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Sullivan Draws New Fire for Supporting Addicts' Habits

Mayor, police union head call candidate a bad fit to chair Police Board.

By David Beers 8 Nov 2005 | TheTyee.ca

David Beers is the Tyee's founding editor. Under his leadership from 2003 to 2014, The Tyee's traffic grew to eclipse a million page views in a month and its team won many prizes including, twice, Canada's Excellence in Journalism Award, and, twice, the North America-wide Edward R. Murrow Award.

He remains committed to the aim that gave rise to The Tyee -- pursuing sustainable models for journalism.

He also co-founded Tyee Solutions Society, a non-profit that seeks philanthropic support for journalism in the public interest, reporting projects made available to be published by other publications as well as The Tyee.

He is an independent consultant to digital publishers on editorial and business structures.

He is an adjunct professor at the University of British Columbia Graduate School of Journalism.

Previous to The Tyee, Beers was Chief Features Editor creating new projects and sections at the Vancouver Sun, and before that was senior editor at Mother Jones magazine and the San Francisco Examiner before the Hearst Corporation merged it with the San Francisco Chronicle. He has written for numerous publications including Harper's, National Geographic and the Globe and Mail, and authored a highly praised memoir of growing up in Silicon Valley, Blue Sky Dream.

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Does the fact that NPA councilor Sam Sullivan once helped addicts pay for narcotics make him unfit to chair the Police Board should he be elected Vancouver's next mayor?

Current mayor Larry Campbell says yes. And the president of the Vancouver Police Union, Tom Stamatakis, believes it's a legitimate concern, as well.

But Sullivan says the opposite. Paying for the drugs, and in one case allowing them to be consumed in his presence, makes him "more fit" to handle the duties of Police Board chair that are part of the mayor's job description, Sullivan explained, because he made an extra effort to understand drug addiction.

Make 'an exception'?

Sullivan has admitted in news reports that he gave a prostitute acquaintance hundreds of dollars to support her habit for several weeks and later paid for some crack, which an addict acquaintance smoked in his van. Sullivan is not known to be under investigation by any law enforcement branch, but his acts could fall under the criminal category of aiding and abetting the use of narcotics.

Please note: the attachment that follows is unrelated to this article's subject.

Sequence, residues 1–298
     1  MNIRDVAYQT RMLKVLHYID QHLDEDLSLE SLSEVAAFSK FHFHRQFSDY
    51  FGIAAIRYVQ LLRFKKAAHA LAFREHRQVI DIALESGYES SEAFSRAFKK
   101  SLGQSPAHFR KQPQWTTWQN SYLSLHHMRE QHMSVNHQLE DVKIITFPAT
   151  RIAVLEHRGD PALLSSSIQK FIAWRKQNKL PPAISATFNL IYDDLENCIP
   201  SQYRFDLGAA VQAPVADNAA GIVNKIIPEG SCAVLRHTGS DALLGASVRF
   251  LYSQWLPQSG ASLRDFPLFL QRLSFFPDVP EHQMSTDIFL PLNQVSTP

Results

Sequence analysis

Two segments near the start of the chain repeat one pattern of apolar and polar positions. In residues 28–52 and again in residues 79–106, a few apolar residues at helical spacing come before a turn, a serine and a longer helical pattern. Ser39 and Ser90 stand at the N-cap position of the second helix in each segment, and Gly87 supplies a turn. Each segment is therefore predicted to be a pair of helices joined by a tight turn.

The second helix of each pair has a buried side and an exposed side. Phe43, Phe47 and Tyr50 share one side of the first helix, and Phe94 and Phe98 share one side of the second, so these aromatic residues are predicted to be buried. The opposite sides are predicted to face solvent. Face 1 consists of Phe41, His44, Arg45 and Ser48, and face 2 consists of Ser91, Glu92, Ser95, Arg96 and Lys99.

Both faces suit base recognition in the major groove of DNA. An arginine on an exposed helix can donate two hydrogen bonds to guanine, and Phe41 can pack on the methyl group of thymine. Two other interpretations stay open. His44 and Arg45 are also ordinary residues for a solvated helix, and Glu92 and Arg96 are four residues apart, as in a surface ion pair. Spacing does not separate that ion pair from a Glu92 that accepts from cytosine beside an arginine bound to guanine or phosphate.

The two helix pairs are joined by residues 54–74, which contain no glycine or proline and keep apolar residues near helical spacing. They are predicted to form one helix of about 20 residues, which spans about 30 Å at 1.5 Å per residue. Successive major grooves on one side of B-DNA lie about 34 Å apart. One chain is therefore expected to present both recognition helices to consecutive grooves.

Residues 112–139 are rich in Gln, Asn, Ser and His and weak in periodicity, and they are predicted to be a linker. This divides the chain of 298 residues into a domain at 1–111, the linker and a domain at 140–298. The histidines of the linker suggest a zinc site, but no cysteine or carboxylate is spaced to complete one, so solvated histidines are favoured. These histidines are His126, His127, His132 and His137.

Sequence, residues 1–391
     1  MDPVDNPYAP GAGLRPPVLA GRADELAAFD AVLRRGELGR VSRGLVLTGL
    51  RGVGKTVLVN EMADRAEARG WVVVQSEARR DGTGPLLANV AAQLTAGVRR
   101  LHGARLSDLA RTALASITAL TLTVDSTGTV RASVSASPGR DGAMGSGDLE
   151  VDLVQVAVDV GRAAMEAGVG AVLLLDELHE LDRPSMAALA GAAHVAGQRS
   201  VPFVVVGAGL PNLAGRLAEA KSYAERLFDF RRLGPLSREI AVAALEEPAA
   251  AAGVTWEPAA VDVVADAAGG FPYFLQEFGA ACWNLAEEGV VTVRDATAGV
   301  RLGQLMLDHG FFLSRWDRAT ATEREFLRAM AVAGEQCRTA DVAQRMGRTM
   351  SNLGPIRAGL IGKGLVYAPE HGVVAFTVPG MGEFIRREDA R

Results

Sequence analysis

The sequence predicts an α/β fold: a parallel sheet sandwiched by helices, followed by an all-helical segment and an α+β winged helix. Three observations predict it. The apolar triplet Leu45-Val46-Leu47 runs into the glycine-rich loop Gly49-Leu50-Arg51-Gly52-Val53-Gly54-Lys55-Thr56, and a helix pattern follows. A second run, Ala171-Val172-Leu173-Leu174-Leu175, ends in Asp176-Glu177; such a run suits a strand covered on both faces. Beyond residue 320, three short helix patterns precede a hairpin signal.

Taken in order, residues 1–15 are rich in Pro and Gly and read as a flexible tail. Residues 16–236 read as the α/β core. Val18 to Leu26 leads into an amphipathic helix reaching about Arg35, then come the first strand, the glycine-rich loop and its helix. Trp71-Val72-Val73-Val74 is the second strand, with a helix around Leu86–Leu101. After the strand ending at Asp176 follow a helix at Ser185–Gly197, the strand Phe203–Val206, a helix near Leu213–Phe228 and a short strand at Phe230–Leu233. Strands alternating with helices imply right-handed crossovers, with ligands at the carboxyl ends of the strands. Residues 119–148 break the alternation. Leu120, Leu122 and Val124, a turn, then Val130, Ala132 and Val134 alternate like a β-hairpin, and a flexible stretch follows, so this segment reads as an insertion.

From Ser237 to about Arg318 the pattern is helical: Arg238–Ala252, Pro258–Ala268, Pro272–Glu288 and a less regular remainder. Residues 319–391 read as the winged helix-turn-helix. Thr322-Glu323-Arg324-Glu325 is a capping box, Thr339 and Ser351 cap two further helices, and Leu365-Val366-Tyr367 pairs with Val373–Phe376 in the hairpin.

The Vancouver Police Board is made up of one person appointed by the city council and up to five people appointed by the Lieutenant Governor, plus the mayor as chair. As police employers, the board's responsibilities include steering department policy while overseeing finances and complaints. Members are privy to information shielded from wider public scrutiny.

In an interview with The Tyee, Mayor Campbell noted that appointees to the Police Board must undergo background checks for criminal records. If Sullivan were to be elected mayor, Campbell said, he feared "for the integrity of the Police Board".

"If I admitted to the things that Sam did, would I be still eligible as someone chosen by the city or the province? I think the answer is no," said Campbell, who claimed many police and other citizens have shared similar concerns with him.

Stamatakis echoed those concerns in a separate interview with The Tyee. "If you make an exception for Sam Sullivan or anyone else who might be the mayor, and they've made an admission that they participated in illegal activity, how do you insure that other police board members meet that same standard? What if we get other applicants for the Police Board who have a record of committing a crime?"

Safety concern

Campbell is leaving office after splitting off from the COPE party to form Vision Vancouver with mayoral candidate Jim Green and two other members of the current city council. Campbell is adamant that raising the Police Board issue isn't a political ploy to help Green's campaign.

"It doesn't matter to me one way or another. I'm the outgoing mayor," Campbell said.

He also disagreed that Sullivan acted in the same spirit that drove Campbell to push through the heroin safe injection clinic in Vancouver's Downtown Eastside.

"The difference here is the word safe," Campbell said. "I would never, ever allow anyone to [smoke crack cocaine] in my vehicle. What if the guy had a great big coronary, or went into cocaine psychosis?"